Bookmark Monday: 2011 releases
I love when we find new releases in the library that still have that crisp new look and feel, and the new book smell still lingers when you thumb the pages. Below are some new ones we’ve found.
With double the borrowing allowance for the school holiday period (19 Nov 2011 to 31 Jan 2012), it’s an even better time than ever to stop by your local branch of the National Library to check out its latest offerings. For our family of four, that means 48 new and old favourites we can potentially cart back home and enjoy for 21 days!
“AGAIN!” – by Emily Gravett.
About a little dragon named Cedric, who, as all little ones go, has a favourite bedtime book that he wants read again…and again…and again…and AGAIN!
A hole right through the last page and back hardcover and sleeve provides a foretaste of the very funny incendiary story that lies within.
It appears simple at first look, but from our personal experience, turned out to be a useful tool for teaching early readers what exclamation marks are – (not uppercase “I”s or lowercase “l”s), how they are different from question marks, and the expression each lends to a word or sentence.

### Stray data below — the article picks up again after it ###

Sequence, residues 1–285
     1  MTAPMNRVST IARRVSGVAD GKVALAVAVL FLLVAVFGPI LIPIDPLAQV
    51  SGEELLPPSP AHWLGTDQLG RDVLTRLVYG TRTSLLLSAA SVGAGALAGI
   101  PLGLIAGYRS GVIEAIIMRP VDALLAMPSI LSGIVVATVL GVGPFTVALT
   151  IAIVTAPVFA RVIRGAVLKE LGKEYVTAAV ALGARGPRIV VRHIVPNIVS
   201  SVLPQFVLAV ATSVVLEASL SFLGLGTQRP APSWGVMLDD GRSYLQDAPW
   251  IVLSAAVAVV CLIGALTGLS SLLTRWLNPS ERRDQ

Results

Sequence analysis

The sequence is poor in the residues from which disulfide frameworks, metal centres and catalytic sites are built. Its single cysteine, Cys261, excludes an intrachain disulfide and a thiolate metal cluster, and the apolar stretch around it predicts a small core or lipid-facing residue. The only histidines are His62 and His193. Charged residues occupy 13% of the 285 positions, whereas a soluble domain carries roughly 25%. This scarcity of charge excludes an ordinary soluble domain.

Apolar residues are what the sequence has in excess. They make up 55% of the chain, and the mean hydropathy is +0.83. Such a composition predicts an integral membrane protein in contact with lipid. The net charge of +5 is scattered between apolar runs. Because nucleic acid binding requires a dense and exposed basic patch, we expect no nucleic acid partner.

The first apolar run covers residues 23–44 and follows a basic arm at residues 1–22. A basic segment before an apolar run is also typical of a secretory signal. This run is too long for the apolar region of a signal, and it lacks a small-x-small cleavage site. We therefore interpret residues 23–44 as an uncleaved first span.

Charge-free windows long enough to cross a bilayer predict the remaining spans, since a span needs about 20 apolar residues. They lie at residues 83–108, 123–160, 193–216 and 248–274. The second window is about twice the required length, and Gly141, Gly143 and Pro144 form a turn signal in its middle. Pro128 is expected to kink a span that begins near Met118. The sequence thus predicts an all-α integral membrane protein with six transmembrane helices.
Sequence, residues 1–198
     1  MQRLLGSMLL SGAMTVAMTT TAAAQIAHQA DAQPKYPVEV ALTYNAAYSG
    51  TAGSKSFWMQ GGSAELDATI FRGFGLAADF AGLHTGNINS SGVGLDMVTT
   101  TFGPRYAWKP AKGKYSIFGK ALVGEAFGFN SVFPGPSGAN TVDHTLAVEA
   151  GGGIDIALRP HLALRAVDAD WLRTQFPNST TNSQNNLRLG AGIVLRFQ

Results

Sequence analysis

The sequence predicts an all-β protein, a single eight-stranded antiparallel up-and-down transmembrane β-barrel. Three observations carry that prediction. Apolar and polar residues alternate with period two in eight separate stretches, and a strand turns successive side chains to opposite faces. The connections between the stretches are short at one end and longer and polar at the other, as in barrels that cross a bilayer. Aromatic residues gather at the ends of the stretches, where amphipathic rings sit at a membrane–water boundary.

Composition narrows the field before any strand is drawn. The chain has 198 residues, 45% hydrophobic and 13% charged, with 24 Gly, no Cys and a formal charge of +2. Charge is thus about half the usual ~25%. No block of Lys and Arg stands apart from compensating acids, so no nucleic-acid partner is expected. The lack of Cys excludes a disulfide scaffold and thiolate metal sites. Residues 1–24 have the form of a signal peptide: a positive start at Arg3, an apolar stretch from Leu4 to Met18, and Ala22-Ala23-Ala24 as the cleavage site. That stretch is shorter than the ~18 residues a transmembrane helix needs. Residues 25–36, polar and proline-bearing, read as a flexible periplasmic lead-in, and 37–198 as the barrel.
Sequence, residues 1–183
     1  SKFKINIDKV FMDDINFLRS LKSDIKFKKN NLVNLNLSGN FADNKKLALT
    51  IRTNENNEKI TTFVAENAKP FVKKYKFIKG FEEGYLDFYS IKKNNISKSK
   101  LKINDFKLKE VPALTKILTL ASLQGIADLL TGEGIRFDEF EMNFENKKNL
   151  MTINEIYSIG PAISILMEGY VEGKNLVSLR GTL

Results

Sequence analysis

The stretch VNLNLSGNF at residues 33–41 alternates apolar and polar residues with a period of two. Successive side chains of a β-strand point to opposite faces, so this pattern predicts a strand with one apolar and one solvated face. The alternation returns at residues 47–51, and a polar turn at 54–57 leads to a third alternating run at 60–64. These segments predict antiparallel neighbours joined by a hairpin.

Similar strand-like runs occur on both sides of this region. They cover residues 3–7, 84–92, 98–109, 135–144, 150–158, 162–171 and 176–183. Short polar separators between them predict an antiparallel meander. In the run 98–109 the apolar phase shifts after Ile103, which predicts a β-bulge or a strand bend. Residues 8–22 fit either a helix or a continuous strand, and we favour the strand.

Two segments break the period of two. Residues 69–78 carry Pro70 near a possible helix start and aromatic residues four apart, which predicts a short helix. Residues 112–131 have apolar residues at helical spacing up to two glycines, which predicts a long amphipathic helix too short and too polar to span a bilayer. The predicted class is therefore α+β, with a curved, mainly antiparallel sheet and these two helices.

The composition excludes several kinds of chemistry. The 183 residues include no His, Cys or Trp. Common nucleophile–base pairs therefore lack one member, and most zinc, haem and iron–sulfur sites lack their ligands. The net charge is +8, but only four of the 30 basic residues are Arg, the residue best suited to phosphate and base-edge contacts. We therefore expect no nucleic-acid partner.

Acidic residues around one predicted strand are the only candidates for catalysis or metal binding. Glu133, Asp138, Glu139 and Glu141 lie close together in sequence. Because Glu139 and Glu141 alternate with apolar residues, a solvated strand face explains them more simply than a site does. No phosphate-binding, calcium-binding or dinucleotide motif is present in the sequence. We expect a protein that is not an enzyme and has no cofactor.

“The Highway Rat” – written by Julia Donaldson, illustrated by Axel Scheffler.
The Highway Rat is a ‘baddie’ and a ‘beast’ – he robs all the animals of their food – a leaf from the ants, clover from a rabbit, nuts from a squirrel, hay from his own horse – all foods that he himself hasn’t much appreciation for, but just wants it for the sake of being the rogue that must have it all.
Eventually, the animals grow thin and hungry while he grows ‘horribly fat’. One day, when he tries to rob a duck that has nothing, he states that he will eat her instead. Thankfully the clever duck outwits him and rides away with his loot to return it to all the animals.
Scheffler always embeds humorous little references to his other book collaborations with Donaldson. Don’t forget to spend some time treasure-hunting the last page illustration. 🙂
Inspired by the poem “The Highwayman” by Alfred Noyes, a deeper appreciation and enjoyment of this book can be gained for both parent and child if the parent first familiarizes himself or herself with the tempo and metre of the original poem.
Note to parents: Click here for more details on school holiday programmes run by NLB Singapore.